In June 2016, Centrica Storage Ltd announced that their largest gas storage facility, Rough, would shut down for 42 days for urgent maintenance and inspections on all thirty of its wells. The closure was extended, with the only prediction of opening for withdrawals from the beginning of November, while injections into the storage facility would only commence once again in April 2017.
The facility is located offshore, and is around 40 years old. After some inspections and testing, many of its wells were found to be severely damaged due to age and natural wear and tear. Rough gas storage accounts for 70% of the UK’s gas storage capacity and 10% of peak winter gas demand, therefore the UK is extremely dependent on it, especially as it remains to be our only Long Range gas provision. A full shut down on injections and withdrawals resulted in an 8% increase in winter gas prices on the day of the first announcement. Soon after some inspections had taken place, a further declaration in August followed explaining that the facility would be on shut down mode until April 2017, and from November 2016 would only have the capability to withdraw from existing gas stored.
The problem was that Rough had injected less than half of it capacity by the time it was due to close. Generally the summer months are best for injecting gas into storage, as gas demand decreases, and there is more available to store for withdrawals during winter peak demand. Having the facility on complete shut down until November did not give much time to extract and store gas. In fact, National Grid reported that:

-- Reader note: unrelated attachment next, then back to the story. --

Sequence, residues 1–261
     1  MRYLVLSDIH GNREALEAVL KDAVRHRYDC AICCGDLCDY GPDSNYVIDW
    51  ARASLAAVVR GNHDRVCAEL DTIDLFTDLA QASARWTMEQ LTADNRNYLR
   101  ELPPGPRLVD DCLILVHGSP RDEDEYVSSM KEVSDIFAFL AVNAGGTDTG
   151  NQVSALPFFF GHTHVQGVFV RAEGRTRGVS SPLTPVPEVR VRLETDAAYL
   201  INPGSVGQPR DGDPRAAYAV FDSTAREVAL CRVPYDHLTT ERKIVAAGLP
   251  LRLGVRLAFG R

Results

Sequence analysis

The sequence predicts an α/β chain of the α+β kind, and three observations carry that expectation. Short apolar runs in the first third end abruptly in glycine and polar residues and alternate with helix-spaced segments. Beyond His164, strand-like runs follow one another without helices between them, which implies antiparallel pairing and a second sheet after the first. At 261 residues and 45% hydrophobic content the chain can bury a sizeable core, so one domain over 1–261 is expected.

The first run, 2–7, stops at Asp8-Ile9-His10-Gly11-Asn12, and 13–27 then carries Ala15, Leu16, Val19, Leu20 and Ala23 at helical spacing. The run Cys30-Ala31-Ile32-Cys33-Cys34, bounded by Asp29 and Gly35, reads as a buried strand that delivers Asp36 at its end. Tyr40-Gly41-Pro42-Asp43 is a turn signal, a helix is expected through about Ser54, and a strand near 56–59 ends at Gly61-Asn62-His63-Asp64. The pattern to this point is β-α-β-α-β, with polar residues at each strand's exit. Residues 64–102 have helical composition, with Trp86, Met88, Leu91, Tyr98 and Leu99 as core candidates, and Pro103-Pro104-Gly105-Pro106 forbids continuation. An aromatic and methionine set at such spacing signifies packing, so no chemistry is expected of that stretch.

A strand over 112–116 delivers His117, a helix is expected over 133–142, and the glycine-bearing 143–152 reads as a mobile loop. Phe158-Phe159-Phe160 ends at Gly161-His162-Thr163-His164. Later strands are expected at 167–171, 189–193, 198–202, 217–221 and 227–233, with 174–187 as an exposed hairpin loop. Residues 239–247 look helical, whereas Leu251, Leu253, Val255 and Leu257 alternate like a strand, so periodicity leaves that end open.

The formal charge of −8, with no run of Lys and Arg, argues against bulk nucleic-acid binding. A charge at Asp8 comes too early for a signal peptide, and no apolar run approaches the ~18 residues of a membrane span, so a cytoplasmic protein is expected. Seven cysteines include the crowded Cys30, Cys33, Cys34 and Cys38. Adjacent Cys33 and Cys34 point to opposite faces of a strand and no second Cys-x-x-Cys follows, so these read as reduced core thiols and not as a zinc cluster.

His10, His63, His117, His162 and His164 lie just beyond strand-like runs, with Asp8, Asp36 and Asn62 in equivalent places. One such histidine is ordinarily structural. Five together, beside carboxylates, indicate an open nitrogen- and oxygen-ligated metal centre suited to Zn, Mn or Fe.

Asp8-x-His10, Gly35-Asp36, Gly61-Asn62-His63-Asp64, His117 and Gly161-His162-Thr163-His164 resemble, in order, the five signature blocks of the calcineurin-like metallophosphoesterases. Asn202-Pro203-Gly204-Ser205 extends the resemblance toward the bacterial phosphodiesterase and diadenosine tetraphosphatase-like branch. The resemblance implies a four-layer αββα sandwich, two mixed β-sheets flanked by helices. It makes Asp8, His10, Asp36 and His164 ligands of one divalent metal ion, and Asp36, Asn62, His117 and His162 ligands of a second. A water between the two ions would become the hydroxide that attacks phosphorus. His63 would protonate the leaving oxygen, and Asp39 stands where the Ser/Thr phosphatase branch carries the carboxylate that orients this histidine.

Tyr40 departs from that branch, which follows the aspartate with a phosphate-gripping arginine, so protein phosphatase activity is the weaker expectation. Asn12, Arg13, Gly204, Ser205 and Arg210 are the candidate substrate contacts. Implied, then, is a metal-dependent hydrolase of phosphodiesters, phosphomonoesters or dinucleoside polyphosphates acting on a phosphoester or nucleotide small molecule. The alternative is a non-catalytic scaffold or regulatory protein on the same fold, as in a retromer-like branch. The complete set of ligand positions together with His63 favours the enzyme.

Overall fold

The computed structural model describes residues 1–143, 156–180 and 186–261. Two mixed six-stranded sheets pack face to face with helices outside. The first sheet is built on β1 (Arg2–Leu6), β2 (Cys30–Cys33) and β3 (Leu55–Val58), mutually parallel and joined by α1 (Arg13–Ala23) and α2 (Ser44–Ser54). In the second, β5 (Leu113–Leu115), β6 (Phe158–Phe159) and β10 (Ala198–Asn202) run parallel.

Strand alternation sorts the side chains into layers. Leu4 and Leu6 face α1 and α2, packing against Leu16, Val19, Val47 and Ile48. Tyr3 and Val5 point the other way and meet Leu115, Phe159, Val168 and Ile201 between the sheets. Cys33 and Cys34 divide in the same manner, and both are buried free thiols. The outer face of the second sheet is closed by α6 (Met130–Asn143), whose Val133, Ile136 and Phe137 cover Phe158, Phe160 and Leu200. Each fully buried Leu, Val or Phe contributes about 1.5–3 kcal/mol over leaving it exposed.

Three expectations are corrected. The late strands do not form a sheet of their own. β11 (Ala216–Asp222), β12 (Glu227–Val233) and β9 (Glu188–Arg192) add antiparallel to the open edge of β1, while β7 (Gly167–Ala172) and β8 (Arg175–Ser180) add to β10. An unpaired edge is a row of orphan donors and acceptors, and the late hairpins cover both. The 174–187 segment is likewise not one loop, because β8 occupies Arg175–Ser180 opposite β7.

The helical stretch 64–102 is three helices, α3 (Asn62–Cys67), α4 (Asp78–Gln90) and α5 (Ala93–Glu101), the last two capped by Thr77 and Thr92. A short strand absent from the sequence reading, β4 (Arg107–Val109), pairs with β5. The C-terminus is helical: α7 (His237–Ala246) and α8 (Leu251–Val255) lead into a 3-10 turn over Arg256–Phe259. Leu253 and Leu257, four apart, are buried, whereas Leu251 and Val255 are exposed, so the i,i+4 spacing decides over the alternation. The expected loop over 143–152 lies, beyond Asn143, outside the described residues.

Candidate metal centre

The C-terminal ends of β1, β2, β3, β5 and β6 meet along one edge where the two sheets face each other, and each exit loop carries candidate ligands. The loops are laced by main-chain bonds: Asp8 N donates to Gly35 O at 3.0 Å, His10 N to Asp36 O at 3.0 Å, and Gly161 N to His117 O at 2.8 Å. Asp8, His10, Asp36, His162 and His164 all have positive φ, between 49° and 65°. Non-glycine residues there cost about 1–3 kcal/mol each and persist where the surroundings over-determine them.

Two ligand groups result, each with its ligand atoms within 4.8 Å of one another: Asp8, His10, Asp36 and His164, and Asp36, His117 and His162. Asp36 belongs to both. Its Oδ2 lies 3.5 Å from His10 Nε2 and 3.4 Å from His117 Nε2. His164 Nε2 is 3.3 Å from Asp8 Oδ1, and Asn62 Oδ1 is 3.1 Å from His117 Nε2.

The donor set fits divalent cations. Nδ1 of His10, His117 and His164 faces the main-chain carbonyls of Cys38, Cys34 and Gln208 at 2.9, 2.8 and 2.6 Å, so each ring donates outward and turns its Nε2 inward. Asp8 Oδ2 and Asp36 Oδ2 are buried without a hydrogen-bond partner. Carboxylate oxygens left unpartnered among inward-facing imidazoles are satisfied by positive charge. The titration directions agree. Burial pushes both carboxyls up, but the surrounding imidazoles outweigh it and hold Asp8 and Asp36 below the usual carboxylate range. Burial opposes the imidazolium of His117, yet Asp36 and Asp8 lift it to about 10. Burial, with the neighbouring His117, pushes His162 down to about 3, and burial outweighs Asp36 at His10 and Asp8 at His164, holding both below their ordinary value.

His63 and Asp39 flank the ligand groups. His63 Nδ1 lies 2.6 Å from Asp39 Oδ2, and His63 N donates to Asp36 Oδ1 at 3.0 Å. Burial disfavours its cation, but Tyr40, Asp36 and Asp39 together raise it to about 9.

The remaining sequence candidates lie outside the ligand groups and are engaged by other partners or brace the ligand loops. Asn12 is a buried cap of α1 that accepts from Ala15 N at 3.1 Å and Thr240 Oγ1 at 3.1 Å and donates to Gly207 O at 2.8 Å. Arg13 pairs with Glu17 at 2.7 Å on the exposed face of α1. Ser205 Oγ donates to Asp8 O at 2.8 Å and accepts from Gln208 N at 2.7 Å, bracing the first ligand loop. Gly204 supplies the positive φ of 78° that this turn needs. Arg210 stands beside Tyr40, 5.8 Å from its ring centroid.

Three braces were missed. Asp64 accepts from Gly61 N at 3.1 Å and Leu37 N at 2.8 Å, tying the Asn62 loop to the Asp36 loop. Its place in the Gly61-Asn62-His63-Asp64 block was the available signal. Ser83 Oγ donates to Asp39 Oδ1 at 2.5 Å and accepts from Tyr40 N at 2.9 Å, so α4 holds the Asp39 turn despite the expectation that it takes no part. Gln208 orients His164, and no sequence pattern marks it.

“Due to ongoing restrictions at the Rough long-range storage facility, there will be 1.3 bcm in storage at this site at the start of winter, compared to 2.8 bcm in October 2015.” [Winter Outlook Report, page 5]
On the evening of 31st October, Centrica regrettably announced that the storage facility would be unable to begin withdrawals until the second half of November, therefore the current outage has officially been extended. Gas prices have steadily continued on their current upward track, with a small increase from 1st November due to the lack of gas available. The news that further maintenance was required came after some wells failed testing again.
The facility remains around 30% full, as injections had ceased in June restricting its level of stored gas. Rough is an aging storage facility, potentially coming towards the end of its life. Should Rough be forced to close in the future, where would the UK obtain its required level of gas, and where will be it be stored? Continued caps from Norwegian supplies continue to be implemented every year, and as a result is slowing adding pressure to the UK gas system, and prices. More news will follow in two weeks’ time.
Sources: Npower (RWE), National Grid, SSE, Gazprom Energy, Engie, OPEC, EDF Energy, Centrica Storage Ltd